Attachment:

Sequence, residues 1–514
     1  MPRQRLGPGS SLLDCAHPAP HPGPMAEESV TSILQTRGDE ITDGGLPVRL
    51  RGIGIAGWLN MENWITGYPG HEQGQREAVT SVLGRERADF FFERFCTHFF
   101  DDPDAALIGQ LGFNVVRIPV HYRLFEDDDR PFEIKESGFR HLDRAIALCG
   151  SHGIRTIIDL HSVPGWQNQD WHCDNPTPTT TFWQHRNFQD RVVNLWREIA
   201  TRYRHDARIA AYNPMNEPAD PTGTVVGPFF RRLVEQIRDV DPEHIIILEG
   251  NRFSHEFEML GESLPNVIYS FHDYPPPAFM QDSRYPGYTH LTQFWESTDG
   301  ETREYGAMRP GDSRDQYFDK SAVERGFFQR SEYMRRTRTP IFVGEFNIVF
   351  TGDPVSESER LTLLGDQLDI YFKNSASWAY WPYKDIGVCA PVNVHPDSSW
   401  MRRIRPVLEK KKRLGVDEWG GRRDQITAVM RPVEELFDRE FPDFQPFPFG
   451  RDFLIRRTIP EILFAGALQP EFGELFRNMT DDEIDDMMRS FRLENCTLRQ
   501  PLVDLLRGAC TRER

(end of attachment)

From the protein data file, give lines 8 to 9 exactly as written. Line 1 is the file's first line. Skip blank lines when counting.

   301  ETREYGAMRP GDSRDQYFDK SAVERGFFQR SEYMRRTRTP IFVGEFNIVF
   351  TGDPVSESER LTLLGDQLDI YFKNSASWAY WPYKDIGVCA PVNVHPDSSW